A December 15 filing with the Federal Energy Regulatory Commission (FERC) by the owners of the Atlantic Coast Pipeline, requesting permission to begin felling trees along the pipeline’s path, has been challenged by several member groups of the Allegheny-Blue Ridge Alliance.  The ACP request proposes:

. . . to fell upland trees and vegetation at or above ground level, using methods that will not rut soils or damage root systems. The contractors will not be allowed to use mechanized clearing methods or heavy equipment when tree felling. Trees and vegetation will not be felled within or into delineated wetlands and waterbodies. Mats and bridges will not be used; waterbodies and wetlands will be crossed on foot. Felled trees will be left in place until all applicable permits and approvals and FERC’s issuance of a separate notice to proceed to begin earth disturbing activities are received. The felling of trees will not occur on lands for which easements have not been obtained or for which additional state or local permits are required for such activity.

The ACP request was promptly challenged.  Thirteen conservation groups, most of them ABRA members, filed a motion December 21 with FERC urging the agency to deny the ACP request to fell trees.  The principal arguments set forth by the Southern Environmental Law Center on behalf of the groups were:

  1. Multiple permits and approvals are outstanding or incomplete, including Clean Water Act Section 401 Certifications in Virginia and North Carolina, the National Historic Preservation Act Section 106 Programmatic Agreement, the Clean Water Act Section 404 permit, formal consultation under the Endangered Species Act, and state erosion and sediment control and stormwater management plans. The Commission also has not resolved numerous requests for rehearing and motions for stay.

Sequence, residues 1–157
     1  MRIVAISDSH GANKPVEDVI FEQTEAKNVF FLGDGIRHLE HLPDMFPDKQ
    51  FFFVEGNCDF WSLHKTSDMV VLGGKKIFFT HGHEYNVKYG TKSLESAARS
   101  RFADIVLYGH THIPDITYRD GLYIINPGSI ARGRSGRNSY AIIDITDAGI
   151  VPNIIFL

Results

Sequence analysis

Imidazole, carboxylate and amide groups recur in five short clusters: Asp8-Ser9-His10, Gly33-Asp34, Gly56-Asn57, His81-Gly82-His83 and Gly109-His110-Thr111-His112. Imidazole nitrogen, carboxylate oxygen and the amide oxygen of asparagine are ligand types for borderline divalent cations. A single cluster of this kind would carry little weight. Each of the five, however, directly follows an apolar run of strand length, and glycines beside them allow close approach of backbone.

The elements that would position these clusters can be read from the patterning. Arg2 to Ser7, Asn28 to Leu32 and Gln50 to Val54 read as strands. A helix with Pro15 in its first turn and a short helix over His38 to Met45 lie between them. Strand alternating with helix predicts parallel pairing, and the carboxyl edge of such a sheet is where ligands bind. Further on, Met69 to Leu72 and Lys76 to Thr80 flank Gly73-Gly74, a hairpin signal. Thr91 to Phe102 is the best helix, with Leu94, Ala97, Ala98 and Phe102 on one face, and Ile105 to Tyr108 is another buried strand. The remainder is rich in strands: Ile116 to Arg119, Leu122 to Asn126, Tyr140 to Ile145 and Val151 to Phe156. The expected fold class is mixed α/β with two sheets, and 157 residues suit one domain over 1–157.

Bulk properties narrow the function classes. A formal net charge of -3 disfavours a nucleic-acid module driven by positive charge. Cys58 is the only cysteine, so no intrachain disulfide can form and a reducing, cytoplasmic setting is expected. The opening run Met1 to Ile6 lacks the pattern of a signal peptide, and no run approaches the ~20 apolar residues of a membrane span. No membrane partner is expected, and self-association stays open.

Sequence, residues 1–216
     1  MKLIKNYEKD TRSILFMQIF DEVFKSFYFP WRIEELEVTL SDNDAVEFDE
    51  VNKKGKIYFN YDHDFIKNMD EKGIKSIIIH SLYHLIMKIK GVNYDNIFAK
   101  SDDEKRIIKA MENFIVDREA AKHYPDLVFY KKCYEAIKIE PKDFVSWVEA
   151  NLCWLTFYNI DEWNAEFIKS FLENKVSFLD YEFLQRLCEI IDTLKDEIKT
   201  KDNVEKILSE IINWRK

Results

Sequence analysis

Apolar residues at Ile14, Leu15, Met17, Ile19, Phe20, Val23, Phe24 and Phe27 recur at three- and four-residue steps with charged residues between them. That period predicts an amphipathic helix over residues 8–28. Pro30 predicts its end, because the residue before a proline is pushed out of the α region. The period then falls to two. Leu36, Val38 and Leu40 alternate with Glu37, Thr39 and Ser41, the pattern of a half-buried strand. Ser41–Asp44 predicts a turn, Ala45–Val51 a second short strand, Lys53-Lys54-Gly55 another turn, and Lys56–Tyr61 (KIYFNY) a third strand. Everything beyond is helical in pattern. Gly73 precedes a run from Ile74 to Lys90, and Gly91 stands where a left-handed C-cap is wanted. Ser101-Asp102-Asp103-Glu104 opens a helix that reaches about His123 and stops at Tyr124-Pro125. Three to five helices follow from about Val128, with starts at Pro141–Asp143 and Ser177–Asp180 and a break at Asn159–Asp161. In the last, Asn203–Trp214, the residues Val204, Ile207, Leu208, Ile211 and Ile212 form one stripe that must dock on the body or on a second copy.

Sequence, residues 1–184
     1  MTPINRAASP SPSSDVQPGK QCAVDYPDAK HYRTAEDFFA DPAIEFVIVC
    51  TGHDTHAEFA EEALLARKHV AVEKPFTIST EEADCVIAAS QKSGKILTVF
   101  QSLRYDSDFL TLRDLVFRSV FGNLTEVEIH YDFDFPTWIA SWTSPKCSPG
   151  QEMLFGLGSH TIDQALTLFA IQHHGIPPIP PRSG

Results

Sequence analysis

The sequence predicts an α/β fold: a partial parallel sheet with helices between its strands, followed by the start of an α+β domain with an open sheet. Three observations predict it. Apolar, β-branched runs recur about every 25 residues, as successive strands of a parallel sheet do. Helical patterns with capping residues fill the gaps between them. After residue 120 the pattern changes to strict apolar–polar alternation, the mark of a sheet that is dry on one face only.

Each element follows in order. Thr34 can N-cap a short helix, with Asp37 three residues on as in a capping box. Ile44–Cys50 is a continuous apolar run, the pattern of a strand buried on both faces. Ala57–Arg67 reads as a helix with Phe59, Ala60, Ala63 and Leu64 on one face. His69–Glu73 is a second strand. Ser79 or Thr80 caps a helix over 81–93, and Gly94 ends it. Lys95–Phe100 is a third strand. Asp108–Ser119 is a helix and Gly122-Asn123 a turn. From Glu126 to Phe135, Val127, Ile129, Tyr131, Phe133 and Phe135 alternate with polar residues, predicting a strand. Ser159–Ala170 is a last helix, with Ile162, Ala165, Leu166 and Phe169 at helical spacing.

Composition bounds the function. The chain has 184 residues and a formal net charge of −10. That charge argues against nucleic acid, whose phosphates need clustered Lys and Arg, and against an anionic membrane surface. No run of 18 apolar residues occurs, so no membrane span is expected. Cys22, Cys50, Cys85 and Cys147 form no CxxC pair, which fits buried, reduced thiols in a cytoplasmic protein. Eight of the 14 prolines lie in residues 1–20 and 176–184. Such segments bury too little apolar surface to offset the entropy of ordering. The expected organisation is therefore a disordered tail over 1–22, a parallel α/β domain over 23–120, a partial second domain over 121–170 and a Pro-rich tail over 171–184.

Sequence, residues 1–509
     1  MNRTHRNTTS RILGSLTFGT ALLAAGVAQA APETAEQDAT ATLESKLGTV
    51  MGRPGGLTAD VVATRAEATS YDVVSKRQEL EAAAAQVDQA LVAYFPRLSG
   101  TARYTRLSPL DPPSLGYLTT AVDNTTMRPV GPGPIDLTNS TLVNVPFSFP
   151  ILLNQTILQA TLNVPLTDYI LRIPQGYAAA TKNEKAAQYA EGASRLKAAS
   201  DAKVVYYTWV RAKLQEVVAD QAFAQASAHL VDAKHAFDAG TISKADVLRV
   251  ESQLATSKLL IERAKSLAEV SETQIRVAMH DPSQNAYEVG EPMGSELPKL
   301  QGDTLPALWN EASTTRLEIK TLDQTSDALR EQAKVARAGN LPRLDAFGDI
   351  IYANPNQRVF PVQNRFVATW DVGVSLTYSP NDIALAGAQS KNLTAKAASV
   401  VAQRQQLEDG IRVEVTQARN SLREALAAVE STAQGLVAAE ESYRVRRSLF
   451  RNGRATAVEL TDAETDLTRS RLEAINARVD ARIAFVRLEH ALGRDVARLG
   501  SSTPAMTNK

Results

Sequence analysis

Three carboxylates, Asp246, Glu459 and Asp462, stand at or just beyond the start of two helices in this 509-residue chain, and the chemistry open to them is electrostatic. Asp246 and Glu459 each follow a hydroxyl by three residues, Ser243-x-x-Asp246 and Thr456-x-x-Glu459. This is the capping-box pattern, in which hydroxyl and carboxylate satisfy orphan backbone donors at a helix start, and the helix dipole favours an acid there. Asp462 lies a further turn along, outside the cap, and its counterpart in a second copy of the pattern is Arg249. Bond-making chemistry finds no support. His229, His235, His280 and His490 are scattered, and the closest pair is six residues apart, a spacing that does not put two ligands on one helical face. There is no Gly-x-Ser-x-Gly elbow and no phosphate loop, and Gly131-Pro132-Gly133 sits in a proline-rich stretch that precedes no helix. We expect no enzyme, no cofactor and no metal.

2. In North Carolina, state law prohibits tree felling because the state has not fully approved Atlantic’s proposed Erosion and Sedimentation Control Plan. North Carolina has also not issued a Section 401 Certification for the project. And in West Virginia, the Department of Environmental Protection has not approved a required stormwater permit.
  3. In Virginia, the State Water Control Board has not issued an effective Section 401 Certification for the project, and therefore, Atlantic does not have the required state approval for tree felling. The Board is not expected to make a final decision on whether to certify the project until March or April 2018 at the earliest.

Friends of Nelson (FoN) also filed a request with FERC to deny the ACP’s tree-felling request.  The FoN December 19 letter pointed out that reviews of various forthcoming reports, required by the Virginia State Water Control Board in its approval of water quality certification for the ACP, “could result in possible denial of the final permit, changes in the route, or further conditions placed on the Atlantic Coast Pipeline. In addition, the Section 106 permits are still outstanding, and while ACP intends to avoid these areas, adjacent properties could potentially be impacted and there is a possibility of minor or significant route changes.”

ABRA Groups Challenge ACP’s Request of FERC To Cut Trees
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